The family leased their Mannheim residence and moved to a home they had in Heidelberg, in 1918. Henry T. King, a deputy prosecutor at the Nuremberg trials who later wrote a book about Speer said, “Love and warmth were lacking in the household of Speer’s youth.” His brothers, Ernst and Hermann, bullied him throughout his childhood. Speer was active in sports, taking up skiing and mountaineering. He followed in the footsteps of his father and grandfather and studied architecture. Speer was an athletic kid from the very beginning and loved rugby and mountain climbing.
Albert Speer was also good with academics, particularly with mathematics and expressed his desire to become a mathematician, which wasn’t received quite well by his father, who was an architect, just like Albert’s grandfather. It seemed that his profession was already sealed even before he was born. His father said while mathematics was a noble profession, it wouldn’t provide him enough to survive and ‘only respect from the society won’t feed him or his family’.
Speer studied at the technical schools in Karlsruhe, Munich, and Berlin, and acquired an architectural license in 1927.
In mid-1922, Albert Speer met Margarete (Margret) Weber and immediately fell in love with her. She was the daughter of a successful craftsman who employed 50 workers. The relationship was frowned upon by Speer’s class-conscious mother, who felt the Webers were socially inferior. Despite this opposition, the two married in Berlin on 28th August 1928. The couple gave birth to six children.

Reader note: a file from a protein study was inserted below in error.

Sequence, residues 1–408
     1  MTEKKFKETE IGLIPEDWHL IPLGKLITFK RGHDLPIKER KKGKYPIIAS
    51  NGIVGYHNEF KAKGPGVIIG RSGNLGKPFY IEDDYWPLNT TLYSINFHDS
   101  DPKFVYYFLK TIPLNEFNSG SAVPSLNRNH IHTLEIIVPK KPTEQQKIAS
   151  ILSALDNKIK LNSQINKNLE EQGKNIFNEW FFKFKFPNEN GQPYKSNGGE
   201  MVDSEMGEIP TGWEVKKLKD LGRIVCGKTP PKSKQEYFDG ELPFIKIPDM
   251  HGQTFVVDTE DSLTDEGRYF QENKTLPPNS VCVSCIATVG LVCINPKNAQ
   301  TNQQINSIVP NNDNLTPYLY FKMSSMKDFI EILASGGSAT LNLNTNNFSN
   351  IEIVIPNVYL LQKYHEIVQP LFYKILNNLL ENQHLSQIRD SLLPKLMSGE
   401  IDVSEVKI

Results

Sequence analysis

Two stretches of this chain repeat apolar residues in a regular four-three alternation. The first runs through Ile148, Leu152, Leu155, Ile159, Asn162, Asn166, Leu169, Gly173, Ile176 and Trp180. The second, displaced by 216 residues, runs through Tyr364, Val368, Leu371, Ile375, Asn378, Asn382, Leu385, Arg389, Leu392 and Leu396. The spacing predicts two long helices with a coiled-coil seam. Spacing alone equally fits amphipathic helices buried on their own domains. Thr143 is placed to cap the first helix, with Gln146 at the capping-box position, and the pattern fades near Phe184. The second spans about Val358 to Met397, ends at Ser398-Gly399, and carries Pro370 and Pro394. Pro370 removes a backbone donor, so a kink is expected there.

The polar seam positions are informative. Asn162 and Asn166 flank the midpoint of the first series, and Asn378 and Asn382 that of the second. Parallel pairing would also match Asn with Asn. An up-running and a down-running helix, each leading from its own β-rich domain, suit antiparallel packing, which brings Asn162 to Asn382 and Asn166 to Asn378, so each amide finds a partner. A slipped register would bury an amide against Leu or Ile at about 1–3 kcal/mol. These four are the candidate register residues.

Career and Works
After hearing Hitler speak at a Berlin rally in late 1930, Albert Speer enthusiastically joined the Nazi Party (January 1931) and so impressed the Führer by his efficiency and talent that, soon after Hitler became chancellor, Speer became his personal architect. He was rewarded with many important commissions, including grandiose plans to rebuild the whole of Berlin (never accomplished) and the design of the parade grounds, searchlights, and banners of the spectacular Nürnberg party congress of 1934, filmed by Leni Riefenstahl in Triumph of the Will.
During the war, Speer soon found his organizational talents under a very different use. As someone accustomed to an organization on a mass scale, the architect soon found himself managing the logistics of the German war machine. In this capacity, Speer’s subordinates used slave labor, often from concentration camps. Speer would later claim ignorance of such actions, and when put on trial at Nuremburg, he apologized profusely. Such action likely saved him from the gallows.